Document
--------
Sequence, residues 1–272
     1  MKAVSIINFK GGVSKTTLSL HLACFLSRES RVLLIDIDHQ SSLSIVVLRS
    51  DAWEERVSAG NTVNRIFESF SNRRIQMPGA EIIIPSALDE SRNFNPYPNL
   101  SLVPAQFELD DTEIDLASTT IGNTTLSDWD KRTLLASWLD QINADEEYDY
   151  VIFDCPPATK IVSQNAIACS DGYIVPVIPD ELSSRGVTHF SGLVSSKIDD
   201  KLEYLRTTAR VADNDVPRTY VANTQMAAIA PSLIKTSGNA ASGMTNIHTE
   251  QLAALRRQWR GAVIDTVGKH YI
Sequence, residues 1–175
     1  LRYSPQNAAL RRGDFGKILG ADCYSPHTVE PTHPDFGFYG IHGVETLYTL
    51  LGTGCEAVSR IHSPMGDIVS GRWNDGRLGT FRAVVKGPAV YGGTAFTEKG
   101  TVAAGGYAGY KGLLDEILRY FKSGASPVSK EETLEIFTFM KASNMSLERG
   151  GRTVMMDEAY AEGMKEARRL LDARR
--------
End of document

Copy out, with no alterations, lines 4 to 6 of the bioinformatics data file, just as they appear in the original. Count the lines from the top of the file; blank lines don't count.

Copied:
   101  SLVPAQFELD DTEIDLASTT IGNTTLSDWD KRTLLASWLD QINADEEYDY
   151  VIFDCPPATK IVSQNAIACS DGYIVPVIPD ELSSRGVTHF SGLVSSKIDD
   201  KLEYLRTTAR VADNDVPRTY VANTQMAAIA PSLIKTSGNA ASGMTNIHTE